An educational video game initially developed by Texas A&M University visualization students significantly boosts students’ scores in introductory calculus, one of the toughest classes to pass on a university campus.
The calculus video game, Variant: Limits, connects mathematics and gameplay in a 3D adventure in which students stop geomagnetic storms that threaten their planet’s survival by solving a series of increasingly challenging calculus problems. It was born in a collaboration of viz students and an interdisciplinary group of university faculty who work together in the Department of Visualization’s LIVE Lab.
It’s time for innovative teaching in higher ed
Innovative, effective measures to teach introductory calculus are in demand because too many students are failing. In fact, 22-38 percent of university students, depending on their preparation, failed calculus at more than 200 colleges that participated in a Mathematical Association of America study.
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Without successfully completing calculus requirements, they are unable to earn degrees in most science, technology, engineering and mathematics (STEM) disciplines, as well as many business and architecture disciplines.
“We know students have fun playing Variant: Limits and that playing the game helps them connect more deeply with the class content, but now we have empirical evidence that directly ties gameplay to stronger learning outcomes,” said André Thomas, a visualization professor and CEO of Triseum, a game-based learning company that developed the game.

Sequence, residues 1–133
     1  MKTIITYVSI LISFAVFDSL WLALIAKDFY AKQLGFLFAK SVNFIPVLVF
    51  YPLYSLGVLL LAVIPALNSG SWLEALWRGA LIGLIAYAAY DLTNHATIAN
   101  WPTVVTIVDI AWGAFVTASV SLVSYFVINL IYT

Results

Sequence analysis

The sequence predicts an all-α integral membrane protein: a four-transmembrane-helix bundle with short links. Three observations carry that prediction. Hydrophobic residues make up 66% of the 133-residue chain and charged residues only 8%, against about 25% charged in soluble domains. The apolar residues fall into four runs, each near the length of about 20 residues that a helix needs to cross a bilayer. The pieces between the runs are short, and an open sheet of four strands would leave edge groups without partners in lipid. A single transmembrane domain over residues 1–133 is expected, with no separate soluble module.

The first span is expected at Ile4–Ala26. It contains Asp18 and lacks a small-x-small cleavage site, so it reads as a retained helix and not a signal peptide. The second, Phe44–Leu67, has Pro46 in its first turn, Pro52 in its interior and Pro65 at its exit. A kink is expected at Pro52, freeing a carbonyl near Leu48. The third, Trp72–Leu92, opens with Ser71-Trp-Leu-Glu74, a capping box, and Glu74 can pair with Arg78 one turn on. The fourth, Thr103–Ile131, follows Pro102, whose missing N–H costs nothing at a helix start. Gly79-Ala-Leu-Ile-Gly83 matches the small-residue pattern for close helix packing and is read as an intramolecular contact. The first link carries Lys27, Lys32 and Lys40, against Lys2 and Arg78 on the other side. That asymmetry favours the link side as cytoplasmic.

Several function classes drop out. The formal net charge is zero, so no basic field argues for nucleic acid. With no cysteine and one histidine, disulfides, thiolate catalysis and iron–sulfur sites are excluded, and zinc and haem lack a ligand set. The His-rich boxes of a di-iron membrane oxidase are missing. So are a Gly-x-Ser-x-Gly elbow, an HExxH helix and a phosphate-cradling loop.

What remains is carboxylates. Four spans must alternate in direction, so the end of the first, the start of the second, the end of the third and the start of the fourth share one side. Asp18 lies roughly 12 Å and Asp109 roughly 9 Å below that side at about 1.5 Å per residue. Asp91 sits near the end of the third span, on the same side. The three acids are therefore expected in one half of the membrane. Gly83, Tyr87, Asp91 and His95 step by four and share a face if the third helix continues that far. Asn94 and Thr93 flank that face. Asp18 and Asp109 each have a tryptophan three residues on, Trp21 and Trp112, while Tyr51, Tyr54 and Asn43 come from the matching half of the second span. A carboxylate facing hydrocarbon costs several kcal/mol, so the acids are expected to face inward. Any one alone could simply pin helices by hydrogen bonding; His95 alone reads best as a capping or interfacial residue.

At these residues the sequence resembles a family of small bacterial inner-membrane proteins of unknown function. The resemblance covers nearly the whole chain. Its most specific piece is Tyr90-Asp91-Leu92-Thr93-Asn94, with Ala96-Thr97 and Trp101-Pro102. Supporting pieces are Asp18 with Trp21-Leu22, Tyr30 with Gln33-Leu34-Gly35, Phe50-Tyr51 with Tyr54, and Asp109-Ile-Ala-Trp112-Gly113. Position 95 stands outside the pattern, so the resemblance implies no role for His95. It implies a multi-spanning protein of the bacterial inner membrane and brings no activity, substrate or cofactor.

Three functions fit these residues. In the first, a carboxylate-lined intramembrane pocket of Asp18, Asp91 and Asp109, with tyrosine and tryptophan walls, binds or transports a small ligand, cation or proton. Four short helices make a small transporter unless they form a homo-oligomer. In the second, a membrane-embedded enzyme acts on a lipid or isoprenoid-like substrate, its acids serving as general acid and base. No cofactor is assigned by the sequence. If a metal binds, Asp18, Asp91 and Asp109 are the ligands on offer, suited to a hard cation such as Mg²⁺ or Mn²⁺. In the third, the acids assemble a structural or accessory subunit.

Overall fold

Gameplay leads to higher test scores
The empirical evidence comes from a study led by Michael Stephenson, vice provost for academic affairs and strategic initiatives at Texas A&M, which revealed that students who played Variant: Limits scored higher on class exams.
Stephenson and university science and education faculty also found that more time spent playing the game corresponded with higher exam scores.
The fall 2018 research project involved more than 2,000 Texas A&M engineering calculus students. An experimental group of almost half of the students played Variant: Limits while the study’s control group was not given access to the game.
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All of the students took the same exam, and participants in the experimental group scored higher than those in the control group. Additionally, students who completed the game saw the biggest jump in scores on the exam.
“Students who played a calculus video game that corresponded with course content taught during the first two weeks of the semester scored higher on the course exam when compared to those who did not play,” Stephenson said. “It is an encouraging sign that a game played over such a short period of time provided a small but statistically significant increase in exam scores.”
In previous research, 79 percent of students agreed that Variant: Limits increased their knowledge of limits and 83 percent reported they were able to apply their knowledge from the calculus video game in class.
As the White House calls for alternate methods and technology to improve STEM education, research on the impact of novel education technology remains largely unexplored, Thomas said. Texas A&M is helping change that.
“Students deserve every opportunity to succeed and educators need to give them access to tools and technologies that move the needle,” Thomas said. “Variant: Limits is doing that by helping students perform better in calculus so they are prepared for degrees and careers in STEM fields.”